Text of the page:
As Susan Faludi demonstrated in “Backlash,” attitudes about gender and sexuality tend to be cyclical. Women’s success in the workplace, especially, has a tendency to create anti-feminist backlashes. As Faludi documented, the 80s backlash in response to the normalization of professional work for women took shape in demands that women embrace more feminine-submissive behaviors and fashions, the idolizing of housewives as perfect women, and attacks on reproductive rights.
Despite the previous anti-feminist administration, the past couple of decades have been good for women: education levels rose to meet and exceed men’s, women’s leadership became more normalized from Condie Rice to Hillary Clinton, and the public debate over sexual harassment in the 90s was won by feminists (though social disapproval of it remains no more than an inch deep). Even the existence of the feminist blogosphere can be counted as a major triumph. The tendency of news magazines to periodically declare feminism “dead” can’t withstand the overwhelming online evidence that feminism is very much alive.
And now we’re in a backlash period, and the focus hasn’t been on fashion or even sending women to the home as much—it’s all about sex, baby. Or more precisely, there’s been an alarming trend towards glamorizing chastity standards that have often been out of fashion for 50 years. It’s not just the nearly 1,000 bills in state legislatures aimed at punishing and controlling female sexuality by depriving women of access to birth control and abortion, though god knows that would be enough. As Faludi demonstrated in her history of the 80s, these things tend to spread and morph and infect the discourse and behavior of all sorts of people in all sorts of situations.
One story recently brought home how very terrible the situation is getting when it comes to the policing and punishing of women for their lack of commitment to chastity. Jasmijn Rijcken was visiting New York City from her native Holland, and was pulled over by a New York City police officer and threatened with a ticket for wearing a short skirt on a bicycle. He called her skirt “distracting,” and only backed off when he learned she didn’t actually live in the city. He used the age-old excuse that women’s bodies are so “distracting” that they must be covered up, as men cannot control themselves when exposed to whatever body part the complainant deems too damn sexy. At least the cop in this case wasn’t suggesting men would be forced to rape her; he simply claimed that women’s alluring flesh would cause car accidents. Here’s a picture of the supposedly scandalous skirt:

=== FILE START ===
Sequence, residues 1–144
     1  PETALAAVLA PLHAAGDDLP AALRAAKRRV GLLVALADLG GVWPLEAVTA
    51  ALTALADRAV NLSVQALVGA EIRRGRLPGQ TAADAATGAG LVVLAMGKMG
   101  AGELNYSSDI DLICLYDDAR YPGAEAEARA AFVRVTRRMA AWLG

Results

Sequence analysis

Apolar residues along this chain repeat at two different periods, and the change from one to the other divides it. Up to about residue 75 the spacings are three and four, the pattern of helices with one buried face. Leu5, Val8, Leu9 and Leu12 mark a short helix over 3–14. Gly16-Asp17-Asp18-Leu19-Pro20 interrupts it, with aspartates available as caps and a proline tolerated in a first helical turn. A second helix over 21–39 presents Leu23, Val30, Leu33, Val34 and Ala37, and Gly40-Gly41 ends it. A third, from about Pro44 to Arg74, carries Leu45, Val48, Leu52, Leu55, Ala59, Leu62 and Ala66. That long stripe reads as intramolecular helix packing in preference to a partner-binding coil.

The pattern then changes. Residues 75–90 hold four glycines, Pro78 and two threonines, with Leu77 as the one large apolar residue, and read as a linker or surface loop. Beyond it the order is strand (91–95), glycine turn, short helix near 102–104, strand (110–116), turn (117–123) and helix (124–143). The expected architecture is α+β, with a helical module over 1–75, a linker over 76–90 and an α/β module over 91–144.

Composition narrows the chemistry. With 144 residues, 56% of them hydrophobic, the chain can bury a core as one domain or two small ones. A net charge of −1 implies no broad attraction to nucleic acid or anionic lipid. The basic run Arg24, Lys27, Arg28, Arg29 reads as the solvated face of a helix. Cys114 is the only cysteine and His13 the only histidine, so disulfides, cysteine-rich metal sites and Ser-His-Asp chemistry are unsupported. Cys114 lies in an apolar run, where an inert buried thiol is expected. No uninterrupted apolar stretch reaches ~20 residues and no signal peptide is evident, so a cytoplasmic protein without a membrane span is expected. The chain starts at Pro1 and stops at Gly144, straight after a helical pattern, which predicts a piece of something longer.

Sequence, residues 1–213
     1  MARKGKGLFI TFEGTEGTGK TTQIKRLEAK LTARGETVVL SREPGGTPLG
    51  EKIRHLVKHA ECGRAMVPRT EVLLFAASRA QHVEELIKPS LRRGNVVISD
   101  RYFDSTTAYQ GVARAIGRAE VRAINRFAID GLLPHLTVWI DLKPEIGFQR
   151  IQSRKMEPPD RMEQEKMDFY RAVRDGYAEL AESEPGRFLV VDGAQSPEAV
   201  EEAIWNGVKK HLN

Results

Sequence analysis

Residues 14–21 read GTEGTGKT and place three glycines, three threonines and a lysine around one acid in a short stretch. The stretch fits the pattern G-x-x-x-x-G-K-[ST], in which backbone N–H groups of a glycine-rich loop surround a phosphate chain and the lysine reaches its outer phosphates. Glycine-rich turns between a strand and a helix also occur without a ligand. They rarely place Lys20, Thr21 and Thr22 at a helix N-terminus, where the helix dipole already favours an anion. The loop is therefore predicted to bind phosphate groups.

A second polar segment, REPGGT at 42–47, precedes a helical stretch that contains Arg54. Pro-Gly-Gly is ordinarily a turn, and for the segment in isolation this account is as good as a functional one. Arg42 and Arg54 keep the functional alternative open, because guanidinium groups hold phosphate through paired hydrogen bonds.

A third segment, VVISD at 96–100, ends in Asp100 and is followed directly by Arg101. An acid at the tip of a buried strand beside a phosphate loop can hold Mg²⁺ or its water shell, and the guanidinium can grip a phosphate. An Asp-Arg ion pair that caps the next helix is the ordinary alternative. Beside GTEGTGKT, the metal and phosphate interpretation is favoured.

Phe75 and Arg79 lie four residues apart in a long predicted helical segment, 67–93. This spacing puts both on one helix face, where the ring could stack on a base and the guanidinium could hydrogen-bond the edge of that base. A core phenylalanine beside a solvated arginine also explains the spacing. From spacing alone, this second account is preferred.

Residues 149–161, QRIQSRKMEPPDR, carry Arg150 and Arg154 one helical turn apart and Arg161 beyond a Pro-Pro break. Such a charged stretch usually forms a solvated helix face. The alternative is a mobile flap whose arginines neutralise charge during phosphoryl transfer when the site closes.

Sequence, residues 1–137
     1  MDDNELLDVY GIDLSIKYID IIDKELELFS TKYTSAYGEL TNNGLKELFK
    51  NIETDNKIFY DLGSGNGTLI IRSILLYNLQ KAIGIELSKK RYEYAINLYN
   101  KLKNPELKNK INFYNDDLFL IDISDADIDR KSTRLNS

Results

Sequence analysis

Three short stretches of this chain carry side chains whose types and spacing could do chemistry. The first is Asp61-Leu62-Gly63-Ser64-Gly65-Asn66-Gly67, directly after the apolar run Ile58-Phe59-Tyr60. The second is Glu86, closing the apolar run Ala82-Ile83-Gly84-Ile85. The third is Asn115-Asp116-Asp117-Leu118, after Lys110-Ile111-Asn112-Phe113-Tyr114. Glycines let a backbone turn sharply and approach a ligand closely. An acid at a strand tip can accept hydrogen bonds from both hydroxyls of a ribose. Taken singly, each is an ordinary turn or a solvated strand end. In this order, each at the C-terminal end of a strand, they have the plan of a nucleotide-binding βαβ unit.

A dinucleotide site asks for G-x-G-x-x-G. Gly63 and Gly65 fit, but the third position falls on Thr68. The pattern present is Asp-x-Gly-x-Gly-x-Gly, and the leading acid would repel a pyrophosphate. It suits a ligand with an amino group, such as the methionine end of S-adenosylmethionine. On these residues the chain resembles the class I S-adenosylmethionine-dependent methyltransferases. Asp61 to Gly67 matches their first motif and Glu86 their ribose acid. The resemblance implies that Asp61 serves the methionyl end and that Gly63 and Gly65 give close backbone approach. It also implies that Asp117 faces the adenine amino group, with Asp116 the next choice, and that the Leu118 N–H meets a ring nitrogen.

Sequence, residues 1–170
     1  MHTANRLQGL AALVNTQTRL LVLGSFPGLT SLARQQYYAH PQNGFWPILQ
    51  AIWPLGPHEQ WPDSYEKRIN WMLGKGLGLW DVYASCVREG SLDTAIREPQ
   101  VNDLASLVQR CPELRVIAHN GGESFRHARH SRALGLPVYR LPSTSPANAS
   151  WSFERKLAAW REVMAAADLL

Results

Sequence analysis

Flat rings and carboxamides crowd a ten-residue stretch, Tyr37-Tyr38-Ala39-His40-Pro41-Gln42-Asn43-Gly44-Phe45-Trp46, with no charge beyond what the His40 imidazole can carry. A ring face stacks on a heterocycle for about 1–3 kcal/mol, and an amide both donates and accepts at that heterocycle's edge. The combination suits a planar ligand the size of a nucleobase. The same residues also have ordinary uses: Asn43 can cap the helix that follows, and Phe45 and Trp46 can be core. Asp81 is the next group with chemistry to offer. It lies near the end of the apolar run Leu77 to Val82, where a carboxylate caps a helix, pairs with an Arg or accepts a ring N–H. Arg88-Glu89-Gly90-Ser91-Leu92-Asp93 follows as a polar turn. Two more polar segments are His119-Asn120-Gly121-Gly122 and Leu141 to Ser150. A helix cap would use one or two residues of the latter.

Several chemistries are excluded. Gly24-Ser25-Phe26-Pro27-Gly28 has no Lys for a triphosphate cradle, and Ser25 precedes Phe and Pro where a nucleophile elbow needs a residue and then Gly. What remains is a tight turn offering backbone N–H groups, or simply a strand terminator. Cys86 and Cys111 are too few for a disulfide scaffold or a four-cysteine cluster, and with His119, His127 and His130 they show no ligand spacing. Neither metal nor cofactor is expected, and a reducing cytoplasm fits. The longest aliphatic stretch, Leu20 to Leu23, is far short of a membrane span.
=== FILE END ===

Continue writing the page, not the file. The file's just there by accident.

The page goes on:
As a reminder, this incidence happened in New York City, a place where you can walk down the street wearing only a pair of underwear and many people won’t even look at you. On an average day in the city, you’ll see at least 50 women wearing skirts shorter than that, and yet the mass chaos on the streets has yet to break out. I’m sure said police officer would probably laugh if you suggested that the United States have legal dress codes for women on par with Saudi Arabia or Iran, but really his asinine argument was different than those laws only in degree and not in kind.
This whole thing comes on the tail of the devastating acquittal of two NYPD police officers for rape, even though there’s tons of corroborating evidence for the victim’s claim to wake up after sobering up from being black-out drunk to find herself being raped. There’s tapes showing the officers repeatedly returning to her apartment for no good reason and the taped confession of one who said he used a condom, for instance. But the jury refused to convict, and interviews afterwards make it clear that many jury members simply couldn’t muster sympathy for the victim, who had violated the standards of modesty by drinking so much in the first place.
In fact, one of the favorite games of the tabloids now is Good Girl vs. Bad Girl. From my perusal of tabloid magazines at the grocery store and gossip blogs, it appears that most of the stories fall into one of two categories:
1) Glowing, flattering portrayals of women who follow the increasingly strict rules of chastity and modesty. Weddings, pictures of women holding babies and canoodling with monogamous partners, women in pastels, and especially women renouncing any kind of behavior in the past that might indicate a fondness for partying or the penis are all subject to being photographed in flattering light, looking well-rested and content.
2) Slatterns who are pictured under flashes or unflattering lights while drinking or wearing sexy clothes or doing anything that doesn’t involve snuggling a baby. Female celebrities whose only “sin” seems to be having spent the night at a man’s house are photographed and mocked, as if their behavior fell way outside of social norms. (Last time I checked, it’s generally not expected that single women in their 20s, 30s, and 40s should spend every night knitting on a porch while suitors come a-calling under the watchful eyes of their chaperones.)
Look, Bristol Palin is only a celebrity because she’s willing to give in to cultural demands that she apologize for having sex. Without that, she’s just another child of a politician. That our culture makes this demand—that we’re so hungry for it that we’ll elevate someone to a cultural icon simply because she fills it—tells you all you need to know. We’re in the throes of a cultural bout of misogyny, and its focus is on sex. And the people who pay the highest price are women whose access to abortion and contraception is threatened by this national game of “Shoot the Slut”.